The 79-page ruling of federal Judge Naomi Rice Buchwald that President Trump may not block his critics from reading his tweets and responding to them on his webpage is one that could only have been issued against this President.
That has nothing to do with his views and certainly nothing to do with whatever political or social views Judge Buchwald may hold.
It is because he is the first President — the only President — to use Twitter as a means of officially communicating with the American public.
Only under President Trump has the White House been informed by the National Archives that his tweets are “public records that must be preserved under the Presidential Records Act.”
It is difficult to imagine how they would not be deemed public. The President uses his tweets to inform the public of the widest range of his presidential decisions, to defend those decisions and to criticize his critics.
Only President Trump has used tweets or any equivalent to advise the public of decisions as consequential his appointment of Christopher Wray as FBI Director and the removal of Rex Tillerson as Secretary of State.
By any reckoning, these and other decisions first communicated to the public via tweets are official acts of the greatest import and lend strong support to Judge Buchwald’s ruling that the tweets are not private musings of some sort but what the law refers to as a public forum.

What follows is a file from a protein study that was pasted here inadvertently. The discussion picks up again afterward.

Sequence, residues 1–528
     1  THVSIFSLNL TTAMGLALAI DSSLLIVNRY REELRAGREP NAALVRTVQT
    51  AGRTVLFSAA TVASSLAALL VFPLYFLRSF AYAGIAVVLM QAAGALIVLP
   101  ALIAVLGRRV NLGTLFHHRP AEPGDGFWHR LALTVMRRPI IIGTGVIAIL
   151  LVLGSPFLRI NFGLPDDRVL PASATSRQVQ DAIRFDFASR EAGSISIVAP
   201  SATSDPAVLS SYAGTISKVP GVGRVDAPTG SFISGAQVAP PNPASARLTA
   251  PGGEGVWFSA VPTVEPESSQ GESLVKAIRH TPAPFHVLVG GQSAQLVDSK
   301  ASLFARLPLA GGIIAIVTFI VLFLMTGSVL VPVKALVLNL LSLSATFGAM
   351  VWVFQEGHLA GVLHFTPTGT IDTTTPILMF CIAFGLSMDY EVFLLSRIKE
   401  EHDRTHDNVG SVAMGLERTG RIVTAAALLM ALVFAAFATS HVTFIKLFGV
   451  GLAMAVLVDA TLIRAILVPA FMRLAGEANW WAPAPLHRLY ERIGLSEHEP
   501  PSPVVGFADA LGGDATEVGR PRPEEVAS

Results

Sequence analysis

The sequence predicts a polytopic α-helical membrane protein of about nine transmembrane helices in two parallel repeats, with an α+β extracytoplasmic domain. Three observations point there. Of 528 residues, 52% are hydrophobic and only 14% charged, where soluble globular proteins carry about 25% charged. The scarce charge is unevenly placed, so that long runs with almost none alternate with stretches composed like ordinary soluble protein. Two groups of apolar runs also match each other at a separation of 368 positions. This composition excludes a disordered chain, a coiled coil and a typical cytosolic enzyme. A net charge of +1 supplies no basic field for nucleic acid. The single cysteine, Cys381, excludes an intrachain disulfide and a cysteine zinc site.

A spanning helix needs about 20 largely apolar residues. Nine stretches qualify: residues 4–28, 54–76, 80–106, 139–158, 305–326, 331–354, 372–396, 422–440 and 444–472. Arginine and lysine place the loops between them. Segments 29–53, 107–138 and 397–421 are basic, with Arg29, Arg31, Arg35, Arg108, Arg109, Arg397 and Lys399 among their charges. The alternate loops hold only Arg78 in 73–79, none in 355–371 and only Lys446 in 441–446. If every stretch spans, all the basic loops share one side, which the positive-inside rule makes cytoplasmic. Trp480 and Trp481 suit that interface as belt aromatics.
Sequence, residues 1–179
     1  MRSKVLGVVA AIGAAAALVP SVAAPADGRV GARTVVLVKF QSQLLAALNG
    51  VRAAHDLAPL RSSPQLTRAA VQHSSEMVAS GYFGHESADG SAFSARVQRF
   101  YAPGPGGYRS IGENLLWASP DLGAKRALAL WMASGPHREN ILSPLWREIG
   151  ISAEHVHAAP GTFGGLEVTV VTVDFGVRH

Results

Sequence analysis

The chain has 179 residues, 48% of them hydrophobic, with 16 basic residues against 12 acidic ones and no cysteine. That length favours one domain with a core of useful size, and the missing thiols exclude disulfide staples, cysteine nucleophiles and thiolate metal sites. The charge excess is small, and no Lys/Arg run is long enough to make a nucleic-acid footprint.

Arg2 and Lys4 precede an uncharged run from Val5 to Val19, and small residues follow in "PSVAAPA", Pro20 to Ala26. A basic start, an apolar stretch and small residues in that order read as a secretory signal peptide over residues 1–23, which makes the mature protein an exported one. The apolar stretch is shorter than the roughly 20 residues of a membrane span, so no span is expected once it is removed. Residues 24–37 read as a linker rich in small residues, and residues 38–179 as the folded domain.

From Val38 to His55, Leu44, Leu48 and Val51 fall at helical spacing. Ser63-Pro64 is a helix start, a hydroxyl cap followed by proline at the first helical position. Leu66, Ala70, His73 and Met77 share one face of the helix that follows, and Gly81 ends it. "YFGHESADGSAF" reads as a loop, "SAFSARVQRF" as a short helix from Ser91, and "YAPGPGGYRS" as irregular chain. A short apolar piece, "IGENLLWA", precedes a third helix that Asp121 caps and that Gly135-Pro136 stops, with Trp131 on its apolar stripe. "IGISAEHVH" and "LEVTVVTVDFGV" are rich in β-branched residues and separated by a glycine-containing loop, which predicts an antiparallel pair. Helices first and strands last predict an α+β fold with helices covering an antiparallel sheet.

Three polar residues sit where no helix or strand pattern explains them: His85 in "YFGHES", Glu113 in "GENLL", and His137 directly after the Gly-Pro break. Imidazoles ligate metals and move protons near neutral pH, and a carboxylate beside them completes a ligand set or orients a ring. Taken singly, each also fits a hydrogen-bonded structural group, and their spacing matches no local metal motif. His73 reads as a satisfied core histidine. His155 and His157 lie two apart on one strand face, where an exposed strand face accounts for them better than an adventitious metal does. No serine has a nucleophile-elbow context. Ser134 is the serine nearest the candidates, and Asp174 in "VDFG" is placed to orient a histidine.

The consequences of the President’s decision to block his critics from direct access to his tweets are not in doubt. In fact, the President and those suing him-the Knight Foundation and others- formally stipulated that as a result of his blocking decision, his critics “cannot view the President’s tweets, directly reply to these tweets” or use his webpage “to view the common threads associated with his tweets.” There is also no doubt that the reason the President has blocked direct access of his critics to his tweets is nothing less than their political views are at odds with his own.
That was the basis for Judge Buchwald’s decision. There are aspects to it that are complex. But the core of the ruling is plain. A President who uses Twitter to pronounce many of his most critical decisions and defend them to the public cannot avoid his critics or deprive them of the chance to respond in the same place and at the same time as do his supporters. Judge Buchwald’s opinion is a powerful one that sends a powerful First Amendment message.